US3543438 *Jan 5, 1968Dec 1, 1970Edwards Enterprises Of OrlandoPlant growing means and method of making same
US3883989 *Oct 29, 1973May 20, 1975Jiffy Products Int LtdExpandable shape-retaining peat moss briquettes and method of producing same
US3958365 *Sep 19, 1974May 25, 1976Athol Thomas ProctorHorticultural aid
US4193909 *Sep 21, 1978Mar 18, 1980Ashland Oil, Inc.Flower pot and method for making
US4791755 *Nov 18, 1986Dec 20, 1988Bilstein Hans UlrichSubstrate for a cultivated plant
US6318022 *Aug 11, 1999Nov 20, 2001The Christian Church Community TrustMethod of forming a liner for a plant container
US6593276Dec 26, 2001Jul 15, 2003James V. WalleyMetallic zinc or zinc in a chemical compound in a binder is painted on the inside of nursery pots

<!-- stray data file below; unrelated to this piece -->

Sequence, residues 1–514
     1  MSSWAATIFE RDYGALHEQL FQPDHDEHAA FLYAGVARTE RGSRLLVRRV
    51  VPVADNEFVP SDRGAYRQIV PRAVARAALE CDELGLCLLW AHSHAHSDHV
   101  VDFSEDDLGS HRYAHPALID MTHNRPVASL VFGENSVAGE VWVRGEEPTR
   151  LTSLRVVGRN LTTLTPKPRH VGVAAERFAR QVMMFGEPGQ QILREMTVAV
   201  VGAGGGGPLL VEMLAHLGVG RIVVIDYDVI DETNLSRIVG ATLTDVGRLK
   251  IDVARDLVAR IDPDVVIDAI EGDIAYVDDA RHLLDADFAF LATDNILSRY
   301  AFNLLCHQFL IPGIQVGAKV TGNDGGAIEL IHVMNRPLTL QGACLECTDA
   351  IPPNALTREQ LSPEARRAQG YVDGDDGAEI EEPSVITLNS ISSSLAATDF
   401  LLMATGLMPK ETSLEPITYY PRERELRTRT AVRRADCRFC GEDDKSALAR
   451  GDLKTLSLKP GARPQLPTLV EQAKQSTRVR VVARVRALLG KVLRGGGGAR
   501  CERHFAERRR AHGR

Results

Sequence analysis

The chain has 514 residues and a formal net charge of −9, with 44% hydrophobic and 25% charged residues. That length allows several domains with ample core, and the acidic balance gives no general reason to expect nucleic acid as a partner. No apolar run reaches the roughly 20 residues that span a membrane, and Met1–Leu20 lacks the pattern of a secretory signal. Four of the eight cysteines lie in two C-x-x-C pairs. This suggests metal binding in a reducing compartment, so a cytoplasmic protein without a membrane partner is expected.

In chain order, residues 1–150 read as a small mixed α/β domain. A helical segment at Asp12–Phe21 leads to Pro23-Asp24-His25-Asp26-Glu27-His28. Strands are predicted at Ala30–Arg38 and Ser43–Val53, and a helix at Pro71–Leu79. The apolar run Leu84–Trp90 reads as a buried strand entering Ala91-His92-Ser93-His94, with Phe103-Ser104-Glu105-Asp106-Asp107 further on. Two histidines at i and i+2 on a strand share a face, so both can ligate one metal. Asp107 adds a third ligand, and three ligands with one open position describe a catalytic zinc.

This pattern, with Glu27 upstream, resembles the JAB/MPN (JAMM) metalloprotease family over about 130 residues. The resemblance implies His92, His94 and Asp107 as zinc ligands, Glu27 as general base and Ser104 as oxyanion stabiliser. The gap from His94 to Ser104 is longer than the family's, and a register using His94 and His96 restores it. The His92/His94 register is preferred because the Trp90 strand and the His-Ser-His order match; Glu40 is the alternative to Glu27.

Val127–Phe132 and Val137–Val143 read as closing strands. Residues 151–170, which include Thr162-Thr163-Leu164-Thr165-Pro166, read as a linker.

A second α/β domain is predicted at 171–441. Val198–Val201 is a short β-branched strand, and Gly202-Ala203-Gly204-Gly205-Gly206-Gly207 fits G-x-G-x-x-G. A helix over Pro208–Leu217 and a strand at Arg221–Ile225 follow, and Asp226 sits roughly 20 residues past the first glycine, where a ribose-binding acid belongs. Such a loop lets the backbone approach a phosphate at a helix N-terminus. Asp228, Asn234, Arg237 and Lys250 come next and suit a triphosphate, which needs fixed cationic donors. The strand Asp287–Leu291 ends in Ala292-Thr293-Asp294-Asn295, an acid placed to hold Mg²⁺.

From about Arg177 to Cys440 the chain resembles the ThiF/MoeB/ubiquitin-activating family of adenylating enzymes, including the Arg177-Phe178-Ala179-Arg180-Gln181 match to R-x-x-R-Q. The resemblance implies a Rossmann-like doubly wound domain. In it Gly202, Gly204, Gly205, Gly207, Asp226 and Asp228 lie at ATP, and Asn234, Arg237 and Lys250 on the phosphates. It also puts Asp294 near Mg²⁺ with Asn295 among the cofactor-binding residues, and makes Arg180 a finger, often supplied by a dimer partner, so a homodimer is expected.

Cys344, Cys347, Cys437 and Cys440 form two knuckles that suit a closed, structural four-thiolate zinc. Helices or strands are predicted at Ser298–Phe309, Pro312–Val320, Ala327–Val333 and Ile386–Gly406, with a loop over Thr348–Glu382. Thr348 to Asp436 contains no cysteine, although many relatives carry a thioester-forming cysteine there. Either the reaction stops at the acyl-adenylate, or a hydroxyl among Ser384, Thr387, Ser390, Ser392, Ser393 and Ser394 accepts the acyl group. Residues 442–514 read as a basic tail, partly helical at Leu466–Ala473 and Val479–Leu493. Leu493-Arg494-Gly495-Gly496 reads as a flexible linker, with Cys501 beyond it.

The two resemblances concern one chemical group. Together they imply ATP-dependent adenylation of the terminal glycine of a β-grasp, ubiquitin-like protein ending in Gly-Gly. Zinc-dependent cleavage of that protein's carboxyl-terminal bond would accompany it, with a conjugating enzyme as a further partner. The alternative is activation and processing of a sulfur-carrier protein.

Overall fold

US6627132 *Jul 11, 2000Sep 30, 2003Griffin CorporationMethod of making a plant container
US6722081Nov 30, 1999Apr 20, 2004The Christian Church Community TrustPlant container liners
US6725599 *Feb 27, 2003Apr 27, 2004The Christian Church Community TrustPlant container liners
US6762232Dec 8, 2000Jul 13, 2004Longwood Industries, Inc.Molded objects
US6964127Sep 9, 2002Nov 15, 2005The Christian Church Community TrustPlanter container liners
US7685770 *Mar 9, 2007Mar 30, 2010Ivy Acres, Inc.Biodegradable planters
US7810275 *Oct 29, 2001Oct 12, 2010Lacebark, Inc.Root growth barrier and method
US8033048Feb 2, 2004Oct 11, 2011Lacebark, Inc.Plant container and sidewall providing improved management of irrigation and aeration
WO1994003057A1 *Jul 31, 1992Feb 17, 1994Griffin CorpComposition and container for controlling plant root growth and method for using same
Classifications
U.S. Classification47/65.7, 504/317, 504/300, 504/267, 504/190, 504/191
International ClassificationA01G9/02
Cooperative ClassificationA01G9/021
European ClassificationA01G9/02B